Let Go and Let God

Let Go and Let God

By Diana Laskaris, Stephen Ministry Leader
There are times when, I confess, the world confounds me. With raging wildfires, devastating hurricanes, huge earthquakes and threats of nuclear war, this is one of those times. It’s not easy for me to acknowledge that I am out of control, but when I look at what’s happening today, I have no choice but to resign myself to that fact.

 The phrase “Let Go and Let God” popped into my head a few days ago and, although I remember first hearing it when I was in high school, it’s been dogging me since it reemerged. What once seemed like a trite way to tell uptight school kids to chillax now feels more like an unequivocal command. What does it mean to “Let Go and Let God” in the context of today’s unpredictable and volatile world? Well, although I still have more questions than answers, I’d like to share what it means to me and how this little phrase is going to help me move through my tumultuous life right now.

 “Let Go” to me means give up control. Give up knowing. Give up understanding. Give up trying to bend anything to my will. I am not in charge. I am not even vaguely on the chain of command these days beyond my own tiny personal sphere of influence, which apparently is waning because even my two crotchety cats don’t seem to listen to me either. If I continue to try to exert my authority on the universe, I will only find myself more out of sorts and further out of control. As the computer learned by playing tic-tac-toe in War Games, the only winning move is not to play.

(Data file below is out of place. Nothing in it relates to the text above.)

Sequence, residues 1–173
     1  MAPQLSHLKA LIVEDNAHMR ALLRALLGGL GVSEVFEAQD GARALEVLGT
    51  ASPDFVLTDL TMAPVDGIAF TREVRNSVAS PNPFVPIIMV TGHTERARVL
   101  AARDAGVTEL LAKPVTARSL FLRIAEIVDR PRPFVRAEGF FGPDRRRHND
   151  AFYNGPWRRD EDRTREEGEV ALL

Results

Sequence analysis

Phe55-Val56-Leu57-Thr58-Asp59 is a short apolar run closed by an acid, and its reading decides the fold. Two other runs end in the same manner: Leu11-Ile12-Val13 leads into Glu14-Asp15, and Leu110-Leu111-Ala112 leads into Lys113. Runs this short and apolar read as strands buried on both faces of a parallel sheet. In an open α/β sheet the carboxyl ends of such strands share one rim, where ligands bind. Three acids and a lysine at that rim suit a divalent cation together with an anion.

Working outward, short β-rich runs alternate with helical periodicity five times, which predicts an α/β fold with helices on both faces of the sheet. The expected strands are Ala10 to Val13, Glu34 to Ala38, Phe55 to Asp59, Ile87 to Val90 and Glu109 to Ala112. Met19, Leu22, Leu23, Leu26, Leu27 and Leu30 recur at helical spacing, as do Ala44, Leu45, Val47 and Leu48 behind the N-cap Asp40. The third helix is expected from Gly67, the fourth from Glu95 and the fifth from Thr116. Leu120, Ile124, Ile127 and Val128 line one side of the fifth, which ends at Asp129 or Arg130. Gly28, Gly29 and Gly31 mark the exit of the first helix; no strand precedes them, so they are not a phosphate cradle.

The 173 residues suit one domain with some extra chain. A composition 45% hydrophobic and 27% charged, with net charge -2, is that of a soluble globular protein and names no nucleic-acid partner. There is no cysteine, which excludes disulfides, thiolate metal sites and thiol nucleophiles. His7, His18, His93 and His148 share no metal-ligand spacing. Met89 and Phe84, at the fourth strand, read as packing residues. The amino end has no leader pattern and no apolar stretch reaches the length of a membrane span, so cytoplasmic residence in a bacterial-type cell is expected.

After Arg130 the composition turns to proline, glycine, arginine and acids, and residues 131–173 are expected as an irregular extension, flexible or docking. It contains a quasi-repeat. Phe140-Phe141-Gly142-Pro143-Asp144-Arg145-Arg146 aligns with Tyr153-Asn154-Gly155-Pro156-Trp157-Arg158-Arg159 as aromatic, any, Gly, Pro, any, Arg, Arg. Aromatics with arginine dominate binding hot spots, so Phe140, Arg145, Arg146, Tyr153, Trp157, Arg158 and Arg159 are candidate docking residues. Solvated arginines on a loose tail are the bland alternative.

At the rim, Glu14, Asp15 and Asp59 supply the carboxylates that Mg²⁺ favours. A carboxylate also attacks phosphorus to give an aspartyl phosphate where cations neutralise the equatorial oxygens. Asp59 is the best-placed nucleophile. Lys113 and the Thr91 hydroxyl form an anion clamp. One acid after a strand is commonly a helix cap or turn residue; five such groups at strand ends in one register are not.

“And Let God” is even more difficult. Not only must I stop trying to exert influence but I must also trust that God has my back. God, however incomprehensible to me, is divinely right all the time. God doesn’t need to take a Mulligan. Everything is - and everyone is - doing what they are supposed to do, whether I like it, understand it, control it, or not. And lately, there’s a lot more not than anything else.

The most challenging part of growing up in life is, well, growing up in life. I can’t stomp my feet and pout. I can’t exclaim, “Not fair!” That’s something that applies to growing up in Christianity too, I’m discovering. It’s not for me to make judgment calls or fix everybody’s boo-boos or decide who’s right and good and who’s wrong and bad.

Stephen Ministers are trained to “walk the walk” with those who are hurting from the slings and arrows of outrageous fortune that go along with the human experience. They know what questions to ask to create the mental and emotional space to begin learning how to cope with the often incomprehensible. If you could use someone to help you “Let Go and Let God,” a Stephen Minister might be just right for you.